Atari Corp has released on GEnie the new XCONTROL panel for the STe and
 TT.  The arced file contains full documentation and the CPX control
 files.  Get it now on GEnie, CompuServe and the Z*Net BBS.
 Adaptec became the first company to announce a Small Computer Systems
 Interface (SCSI) host adapter to support Insite Peripherals' new high-
 capacity 21Mbyte Floptical drives, debuting next week.  Adaptec's AHA-
 1520 AT-to-SCSI host adapter, with Floptical drive support built into
 its BIOS, enables Floptical drives to be integrated seamlessly into AT-
 class microcomputers.  A working demonstration of the unit with an
 Insite Peripherals Floptical drive will be demonstrated June 25-27 at
 PC Expo, Booth 5555, Javits Center, New York.
 Electronic Arts announced that it has reached an agreement to acquire
 Distinctive Software Inc.  Electronic Arts will pay $782,900 and issue
 488,157 shares of new common stock in exchange for all the outstanding
 capital stock of DSI.  DSI will be operated as a wholly-owned
 subsidiary.  Tarrnie Williams, 50, will continue as president and chief
 executive officer of the new subsidiary.  Don Mattrick, 27, founder,
 chairman, and vice president of marketing and design for DSI, will
 become vice president of strategic planning for Electronic Arts.
 Distinctive Software has created over 40 titles and 90 SKU's for leading
 publishers including Electronic Arts, Broderbund, Konami, Walt Disney
 Computer Software, Mindscape and Accolade.  It has participated in the
 development of Test Drive and Hardball.  It has designed Evolution and
 The Duel: Test Drive II.  It has also developed Ace of Aces, Dambusters,
 Grand Prix Circuit, Hardball II, and Teenage Mutant Ninja Turtles.
 Hayes announced the Smartmodem Tenth Anniversary by kicking off a year-
 long celebration, beginning with the biggest cash rebate ever on Hayes
 modems in the United States and Canada.  From June 17 to Aug. 18, 1991,
 Hayes provides customers with a US$150 rebate on ULTRA 96 or V-series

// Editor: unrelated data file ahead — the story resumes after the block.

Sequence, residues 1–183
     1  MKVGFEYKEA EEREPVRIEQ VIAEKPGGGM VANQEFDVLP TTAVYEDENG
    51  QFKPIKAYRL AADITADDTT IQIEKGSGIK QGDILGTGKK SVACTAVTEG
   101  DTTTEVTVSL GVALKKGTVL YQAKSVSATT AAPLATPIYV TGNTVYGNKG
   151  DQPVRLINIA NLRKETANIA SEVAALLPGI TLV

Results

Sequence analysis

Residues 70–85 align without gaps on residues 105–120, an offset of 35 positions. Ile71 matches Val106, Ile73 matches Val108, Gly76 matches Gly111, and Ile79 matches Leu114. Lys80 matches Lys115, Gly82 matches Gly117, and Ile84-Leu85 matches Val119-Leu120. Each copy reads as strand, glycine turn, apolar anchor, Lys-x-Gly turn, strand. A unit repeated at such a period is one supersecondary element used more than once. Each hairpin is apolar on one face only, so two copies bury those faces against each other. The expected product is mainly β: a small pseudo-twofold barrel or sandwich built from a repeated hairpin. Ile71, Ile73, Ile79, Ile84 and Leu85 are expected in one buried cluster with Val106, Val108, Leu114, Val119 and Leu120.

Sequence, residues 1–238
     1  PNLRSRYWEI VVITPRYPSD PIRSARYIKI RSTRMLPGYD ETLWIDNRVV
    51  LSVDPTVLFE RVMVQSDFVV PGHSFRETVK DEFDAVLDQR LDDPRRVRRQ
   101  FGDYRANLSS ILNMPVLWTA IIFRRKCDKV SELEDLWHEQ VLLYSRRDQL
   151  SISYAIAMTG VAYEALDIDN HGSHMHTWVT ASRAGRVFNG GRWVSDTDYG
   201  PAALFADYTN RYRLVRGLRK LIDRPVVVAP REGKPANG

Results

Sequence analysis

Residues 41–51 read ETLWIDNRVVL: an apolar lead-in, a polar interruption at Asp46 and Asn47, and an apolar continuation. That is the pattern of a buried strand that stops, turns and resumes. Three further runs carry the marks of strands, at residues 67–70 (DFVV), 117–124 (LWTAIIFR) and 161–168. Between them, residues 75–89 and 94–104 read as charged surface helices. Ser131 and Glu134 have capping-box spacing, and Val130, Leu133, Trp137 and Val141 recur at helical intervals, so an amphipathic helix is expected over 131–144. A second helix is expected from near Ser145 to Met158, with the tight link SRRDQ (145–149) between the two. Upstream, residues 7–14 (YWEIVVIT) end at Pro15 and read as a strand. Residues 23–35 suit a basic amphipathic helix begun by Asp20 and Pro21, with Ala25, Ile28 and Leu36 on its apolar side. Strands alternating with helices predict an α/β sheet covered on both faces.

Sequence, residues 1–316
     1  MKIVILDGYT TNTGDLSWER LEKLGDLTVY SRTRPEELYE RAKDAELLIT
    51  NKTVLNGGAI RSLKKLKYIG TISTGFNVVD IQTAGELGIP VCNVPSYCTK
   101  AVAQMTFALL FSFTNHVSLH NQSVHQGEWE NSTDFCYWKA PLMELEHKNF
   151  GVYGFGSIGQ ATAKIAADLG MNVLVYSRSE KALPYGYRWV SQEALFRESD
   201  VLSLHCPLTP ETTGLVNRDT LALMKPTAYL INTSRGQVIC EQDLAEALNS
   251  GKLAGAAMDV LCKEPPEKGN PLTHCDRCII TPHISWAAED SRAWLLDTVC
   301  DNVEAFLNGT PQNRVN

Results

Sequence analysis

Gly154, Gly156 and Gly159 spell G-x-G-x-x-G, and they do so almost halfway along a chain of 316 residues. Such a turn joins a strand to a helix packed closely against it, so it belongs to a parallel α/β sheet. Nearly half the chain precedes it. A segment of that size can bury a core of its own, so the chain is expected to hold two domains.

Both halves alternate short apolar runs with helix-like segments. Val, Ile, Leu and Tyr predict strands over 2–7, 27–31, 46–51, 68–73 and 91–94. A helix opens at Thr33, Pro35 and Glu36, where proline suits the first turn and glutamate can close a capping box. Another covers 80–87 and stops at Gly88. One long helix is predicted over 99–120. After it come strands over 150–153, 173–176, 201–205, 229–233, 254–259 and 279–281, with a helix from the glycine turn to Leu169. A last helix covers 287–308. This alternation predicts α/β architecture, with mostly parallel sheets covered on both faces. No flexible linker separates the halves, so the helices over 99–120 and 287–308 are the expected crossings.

Smartmodem 9600; a US$100 rebate on Smartmodem 2400, Smartmodem 2400P,
 Smartmodem 1200, or Smartmodem 1200B; and a US$35 rebate on Smartcom
 Exec or Smartcom II for the Macintosh when purchased with one of these
 modems.  Hayes has set no volume limitations on individual or total unit
 rebates.  Customers may also obtain rebate coupons in metropolitan
 newspapers and major industry magazines as well as through Hayes
 electronic bulletin board system at 1-800-US-HAYES or 1-404-HI-MODEM.
 For more information, contact Hayes Sales Support at (404) 840-9200.
 Appearing on the back cover of the latest DAMARK "Great Deal Catalog" is
 the familiar Atari SX-212 1200 baud modem for only $29.99.  According to
 Atari, about 10,000 of the Hayes compatible 300/1200 modem were sold,
 cash in advance, to the Damark liquidation and close-out specialty mail
 order company.  The SX-212 features the standard RS232 port for use on
 any computer, plus the 8-Bit Atari SIO port that allows use on an 8-Bit
 Atari without further adapters or interfaces.  At $29, it is an
 unbeatable bargain despite its lack of 2400 baud speeds.  Damark Item
 Number B-373-181504 from catalog B-373-2329, call 800-729-9000 to order.
 Hold on to your Atari Portfolio, it just may help save the world some
 day!  The 16-bit personal computer plays a key role in two sequences in
 the new Schwarzennegger blockbuster, "Terminator 2: Judgement Day."  In
 the first sequence, the young boy hero uses his Portfolio to break into
 a bank's automatic telling machine (We'd like to know if that program is
 public domain!!).  The other is later on during one of the film's many
 climaxes, in another break-in attempt with a locked door.  Incidentally,
 you heard it here first -- the film will blow you away!!
 Atari announced this week the closing of the sale of its property in
 Taiwan for $60 million.  A portion of money will be used to reduce bank
 debts of $27 million.  Atari also reported that due to adverse market
 conditions, particularly a slowdown of sales in Europe, it expects sales
 for the current quarter ending June 30, 1991 to be below what it
 experienced during the second quarter of 1990.

 Epson introduced ESC/P 2, a new printer control language for dot-matrix
 printers that provides enhanced graphics capability and, for the first
 time, scalable fonts.  Epson ESC/P 2 is an extension of ESC/P, the
 industry-standard language for 24-pin printing that is commonly known as
 Epson LQ.  ESC/P 2 will be incorporated into all future LQ printers from
 Epson, starting in July 1991 with the new LQ-570, LQ-870, LQ-1170 and
 ActionPrinter 5000 models.  The new printers include ESC/P 2 drivers for
 WordPerfect 5.1, PlanPerfect 5.1, DrawPerfect 1.1, Letter-Perfect 1.0,
 Microsoft Windows 3.0, Microsoft Word 5.5 and WordStar 6.

 High-tech liquidator DAK offered the PC-ready brother of the Atari 
 SLM804 laser printer for only $699 in recent catalogs. LaserPro built 
 the SLM804 for Atari, and their Silver Express model is nearly 
 identical to the Atari version.  Remaining quantities of the now 
 out-of-production line were sold to DAK, who has sold out, according 
 to inquiries this week.  But all is not lost, as DAK signed agreements
 that should assure Toner and Drum availability for another five years.
 Since these items directly interchange with Atari's SLM804, owners of
 the "obsolete" printer can easily get supplies for years to come. 
 Toner is available for $49 (order number 5848), and drum kits are $199
 (order number 5849), each plus shipping.  Ask for their great catalog.